Our common ground

When I started writing this column 20 years ago, I struggled deciding on a name.

It needed to be catchy, and simple, and yet have some sort of agricultural theme. I settled on “Common Ground” because no matter what region of the High Plains coverage area readers may hail from, no matter their tractor color, their preference for steak doneness or their political philosophies, everyone reading this paper has some commonalities.

They’re involved in producing the food, fiber, feed and fuel for this nation and the world.

They want to build a legacy for their families to take pride in and to continue when it’s their time.

They have a respect for their duty to the land and livestock entrusted in their care.

And they at times mourn, laugh, and ponder at the cycle of farming.

Now after 20 years as a professional in agricultural communications, I have to admit I’m no longer the bright and shiny optimistic penny I was in my youth. You might say I’ve matured (it sounds much better than “grizzled”). I used to think that there was a right way and a wrong way to producing and marketing commodities. But now, I know that farmers do what’s right for their farms and their families, despite what their neighbor down the road does and what he posts on Twitter. But still, everyone is doing his or her best, with the resources he or she have to use.

It’s that common ground they still share.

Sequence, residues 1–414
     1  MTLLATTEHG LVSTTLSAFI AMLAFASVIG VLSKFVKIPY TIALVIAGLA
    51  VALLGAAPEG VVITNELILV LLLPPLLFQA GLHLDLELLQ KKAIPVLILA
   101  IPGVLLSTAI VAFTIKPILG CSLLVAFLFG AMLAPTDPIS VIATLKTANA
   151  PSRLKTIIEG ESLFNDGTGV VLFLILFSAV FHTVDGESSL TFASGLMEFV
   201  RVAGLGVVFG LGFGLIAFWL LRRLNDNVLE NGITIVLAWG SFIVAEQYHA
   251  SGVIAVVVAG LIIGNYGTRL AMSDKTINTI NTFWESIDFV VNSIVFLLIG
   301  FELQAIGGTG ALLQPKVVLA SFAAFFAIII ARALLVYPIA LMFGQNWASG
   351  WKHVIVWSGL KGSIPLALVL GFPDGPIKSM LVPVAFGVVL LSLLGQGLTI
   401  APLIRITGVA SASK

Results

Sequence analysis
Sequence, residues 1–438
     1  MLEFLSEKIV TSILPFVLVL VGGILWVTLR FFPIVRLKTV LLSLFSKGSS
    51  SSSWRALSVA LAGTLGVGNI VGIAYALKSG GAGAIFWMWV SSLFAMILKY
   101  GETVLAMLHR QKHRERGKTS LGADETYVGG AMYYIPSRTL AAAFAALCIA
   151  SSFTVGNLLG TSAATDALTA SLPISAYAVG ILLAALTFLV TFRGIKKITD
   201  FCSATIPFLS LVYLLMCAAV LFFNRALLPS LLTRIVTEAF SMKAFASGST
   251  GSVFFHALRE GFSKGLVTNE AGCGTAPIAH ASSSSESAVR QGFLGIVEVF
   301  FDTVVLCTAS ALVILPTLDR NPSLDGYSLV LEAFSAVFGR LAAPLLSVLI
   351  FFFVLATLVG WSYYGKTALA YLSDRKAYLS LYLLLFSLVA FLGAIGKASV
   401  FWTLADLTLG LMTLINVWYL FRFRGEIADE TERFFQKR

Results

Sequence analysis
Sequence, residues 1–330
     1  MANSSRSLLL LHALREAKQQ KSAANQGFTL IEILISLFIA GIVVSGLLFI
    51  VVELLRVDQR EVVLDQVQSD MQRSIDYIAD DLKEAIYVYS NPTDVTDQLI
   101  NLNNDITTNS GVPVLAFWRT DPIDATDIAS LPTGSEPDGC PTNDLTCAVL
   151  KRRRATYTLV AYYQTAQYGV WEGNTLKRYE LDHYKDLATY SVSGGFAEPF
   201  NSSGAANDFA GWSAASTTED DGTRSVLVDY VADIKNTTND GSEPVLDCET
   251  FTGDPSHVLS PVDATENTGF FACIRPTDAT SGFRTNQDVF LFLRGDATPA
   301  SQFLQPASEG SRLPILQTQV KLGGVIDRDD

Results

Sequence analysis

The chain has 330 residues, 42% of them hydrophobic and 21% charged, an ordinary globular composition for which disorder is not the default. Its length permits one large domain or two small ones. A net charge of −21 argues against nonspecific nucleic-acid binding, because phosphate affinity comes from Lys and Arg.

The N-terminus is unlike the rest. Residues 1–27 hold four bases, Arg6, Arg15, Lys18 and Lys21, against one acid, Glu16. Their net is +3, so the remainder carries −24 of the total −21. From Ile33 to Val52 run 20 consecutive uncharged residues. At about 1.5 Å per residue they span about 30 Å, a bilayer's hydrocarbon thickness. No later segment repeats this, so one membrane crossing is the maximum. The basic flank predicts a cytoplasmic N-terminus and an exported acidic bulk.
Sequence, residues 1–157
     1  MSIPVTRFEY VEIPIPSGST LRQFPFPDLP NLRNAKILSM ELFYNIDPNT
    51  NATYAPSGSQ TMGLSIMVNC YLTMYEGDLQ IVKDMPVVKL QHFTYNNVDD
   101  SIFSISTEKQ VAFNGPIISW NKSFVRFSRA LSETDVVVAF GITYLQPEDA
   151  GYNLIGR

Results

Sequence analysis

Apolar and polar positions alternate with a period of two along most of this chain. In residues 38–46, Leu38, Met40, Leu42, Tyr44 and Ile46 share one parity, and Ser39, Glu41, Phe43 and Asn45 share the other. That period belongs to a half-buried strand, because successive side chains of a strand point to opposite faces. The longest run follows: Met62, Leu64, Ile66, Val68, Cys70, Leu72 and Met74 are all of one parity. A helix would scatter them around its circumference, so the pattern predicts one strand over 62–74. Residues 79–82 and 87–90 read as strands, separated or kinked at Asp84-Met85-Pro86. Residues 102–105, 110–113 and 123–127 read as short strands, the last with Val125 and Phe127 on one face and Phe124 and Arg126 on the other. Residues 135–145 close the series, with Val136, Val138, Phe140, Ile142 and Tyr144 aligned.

As I write this, in the first weeks of 2021, I know finding the common ground is more difficult than ever for some.

Boy, do I know this.

But we’re going to have to find it quickly if we’re going to be able to build a future for American farmers, ranchers and those who rely on them.

Consider this week’s American Farm Bureau Federation annual convention, held completely virtual for the first time in the history of the organization. During several sessions the Farm Bureau economists and political experts provided insight into the short- and long-term agricultural policy and economic trends. And many made the practical and logical case that if agriculture isn’t at the table, it’s going to be served on the table for dinner.

That means finding some sort of common ground on a path toward quantifying and capturing the economic value of voluntary farm practices that can help fight climate change. No matter if one thinks it’s hooey or not.

It means understanding that the optics of $40 billion or more in ad hoc disaster payments in 12 months may not play so well in 2023 when the farm bill is up for renegotiation and approval. And realizing that to pass that future bill, it’s going to take much more than just farm country votes.

It means realizing that consumers of American agricultural products may not look like us, pray like us, love like us or act like us, but they too share some of our commonalities. They too want to take care of their families. They too care about the environment. They too at times mourn, laugh and ponder—just maybe not from the seat of a tractor or a saddle.

Are there differences? Yes, you bet. But are they insurmountable?

Only if we completely ignore that common ground we share and instead focus completely on the differences. If we spend our days steeped in hate, anger, and derision, we aren’t going to build coalitions agriculture will need for the next 20 years and beyond.

I’m not the naïve writer I was in 2001. I know that there will be many who disagree, and say that there is no room in their hearts for compromise. That’s their choice. I respect them for that.

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But I also see that those who find the common ground, who have a willingness to listen and learn from those they oppose, sometimes come out better for it in the long run.

It doesn’t mean they gave up all of their principles. It just means they found a piece of common ground they could stand on with their neighbor.

Jennifer M. Latzke can be reached at 620-227-1807 or [email protected].